Personal Finance

More people may soon have annuities in their 401(k) plans

Key Points
  • A new retirement law, the Secure Act, loosens rules around how employers can select annuity providers for their 401(k) plans.
  • Only 10% of 401(k) plans currently offer an annuity.
  • Other roadblocks to 401(k) annuity adoption, such as certain administrative issues, may prevent employers from adding annuities en masse.
Jamie Grill | Blend Images | Getty Images

A new retirement law could soon put annuities in front of more 401(k) investors — and some financial experts question whether that's a good thing.

The Secure Act, which President Donald Trump signed into law last month, eases rules for employers offering a 401(k) plan around how they choose an annuity provider.

Many business owners had been concerned that the old regime exposed them to too much legal risk. The Secure Act, the biggest overhaul to retirement law in more than a decade, strips away some of that worry for employers.

"It makes it more likely" that employers will offer annuities in their 401(k)s, said David Blanchett, head of retirement research at Morningstar Investment Management.

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The basic function of an annuity is to provide investors a guaranteed stream of cash in their retirement years. Consumers hand over money to an insurance company, which agrees to immediately or years in the future pay consumers a recurring amount of monthly income for the rest of their lives.

The U.S. Social Security system is essentially a massive annuity program into which working Americans pay, in order to receive Social Security checks beginning as early as age 62.

Some financial experts say consumers should have enough annuity income (including that from Social Security) to cover fixed expenses like housing and transportation in retirement. However, annuities have gotten a bad reputation among many investors, due partly to purported high costs and complexity.

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Corporate America's gradual shift away from pension plans toward 401(k)-type plans has led some policymakers to advocate for the inclusion of annuities in more workplace savings programs. Pensions, like annuities, provide a guaranteed income stream to retirees, but 401(k) plans don't give such certainty.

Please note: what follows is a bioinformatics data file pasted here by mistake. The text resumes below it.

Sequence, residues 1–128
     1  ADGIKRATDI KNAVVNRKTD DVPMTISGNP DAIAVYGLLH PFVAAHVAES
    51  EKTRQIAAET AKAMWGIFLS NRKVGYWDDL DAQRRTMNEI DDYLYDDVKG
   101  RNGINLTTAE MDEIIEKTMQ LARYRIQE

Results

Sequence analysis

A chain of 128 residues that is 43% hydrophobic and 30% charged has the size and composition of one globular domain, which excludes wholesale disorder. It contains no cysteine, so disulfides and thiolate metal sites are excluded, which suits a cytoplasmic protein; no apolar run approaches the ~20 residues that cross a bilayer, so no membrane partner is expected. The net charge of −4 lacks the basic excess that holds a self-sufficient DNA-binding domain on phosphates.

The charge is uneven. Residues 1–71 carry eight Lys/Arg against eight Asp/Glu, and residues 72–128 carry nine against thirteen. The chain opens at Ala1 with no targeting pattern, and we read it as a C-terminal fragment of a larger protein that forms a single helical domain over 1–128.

Just 10% of 401(k) plans currently offer annuities to workers, according to the Plan Sponsor Council of America.

Philip Chao, principal and chief investment officer at Experiential Wealth, a Vienna, Virginia-based financial advice firm, thinks annuities "should be one of the [options] available in a retirement plan."

"But that doesn't mean everybody needs a piece of it," he said.

Employers have certain legal obligations to ensure the 401(k) investments they offer are in workers' best interests. Relative to annuity providers, employers must ensure insurance companies are financially strong and able to make annuity payments decades down the road.

Prior to the Secure Act, businesses were worried they could be held legally responsible in a lawsuit if an insurer were to go out of business and be unable to pay the promised income to investors.

More than 60% of businesses cited this risk as a reason they're not offering annuities, according to a survey conducted this year by consulting firm Willis Towers Watson.

The Secure Act extends legal protections to businesses that follow specific rules when selecting a 401(k) annuity provider. Essentially, employers are insulated from risk if the insurer they pick is in good standing with the state insurance department in which the insurer is based.

Barbara Roper, director of consumer protection at the Consumer Federation of America, thinks that standard is too flimsy and could create a "hell-scape" of poor, high-cost annuities and financially weaker insurers in 401(k) plans.

That scenario would probably play out most among small businesses, which generally don't devote the substantial resources that some large employers do to vet their 401(k) investments, Roper said.

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Even if more 401(k) savers had annuities available, many would likely misuse or be confused by them, said Susan Shoemaker, a partner at Plante Moran Financial Advisors who's based in Southfield, Michigan.

"The problem for me is, annuities are complicated, and I don't think people understand what they're giving up for that guaranteed income," she said.

For example, investors who buy an annuity generally can't bequeath as large of an estate at death, since the insurance company often doesn't pay out remaining assets to heirs.

However, some observers believe the Secure Act rules could benefit consumers looking for annuity income — especially those employed by large businesses — since the offerings may be of lower cost than those available in the retail market.

And there are still other roadblocks that could dissuade employers from offering 401(k) annuities, including certain administrative issues. Plus, many business owners have structured their retirement plans with a view only to asset accumulation, and are loath to take more responsibility for workers' savings after they retire, according to some observers.

"The safe harbor rules are just a fire starter," Chao said.